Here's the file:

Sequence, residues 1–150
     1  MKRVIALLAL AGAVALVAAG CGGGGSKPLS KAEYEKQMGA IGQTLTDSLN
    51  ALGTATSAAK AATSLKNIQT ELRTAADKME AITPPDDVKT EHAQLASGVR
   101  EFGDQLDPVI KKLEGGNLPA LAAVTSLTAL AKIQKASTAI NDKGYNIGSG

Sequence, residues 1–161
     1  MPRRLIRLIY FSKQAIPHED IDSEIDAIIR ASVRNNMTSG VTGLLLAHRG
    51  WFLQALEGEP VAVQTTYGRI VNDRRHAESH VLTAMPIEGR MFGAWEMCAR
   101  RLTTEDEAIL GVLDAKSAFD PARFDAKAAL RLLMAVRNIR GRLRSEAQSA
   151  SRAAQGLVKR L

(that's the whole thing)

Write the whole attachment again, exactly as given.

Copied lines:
Sequence, residues 1–150
     1  MKRVIALLAL AGAVALVAAG CGGGGSKPLS KAEYEKQMGA IGQTLTDSLN
    51  ALGTATSAAK AATSLKNIQT ELRTAADKME AITPPDDVKT EHAQLASGVR
   101  EFGDQLDPVI KKLEGGNLPA LAAVTSLTAL AKIQKASTAI NDKGYNIGSG

Sequence, residues 1–161
     1  MPRRLIRLIY FSKQAIPHED IDSEIDAIIR ASVRNNMTSG VTGLLLAHRG
    51  WFLQALEGEP VAVQTTYGRI VNDRRHAESH VLTAMPIEGR MFGAWEMCAR
   101  RLTTEDEAIL GVLDAKSAFD PARFDAKAAL RLLMAVRNIR GRLRSEAQSA
   151  SRAAQGLVKR L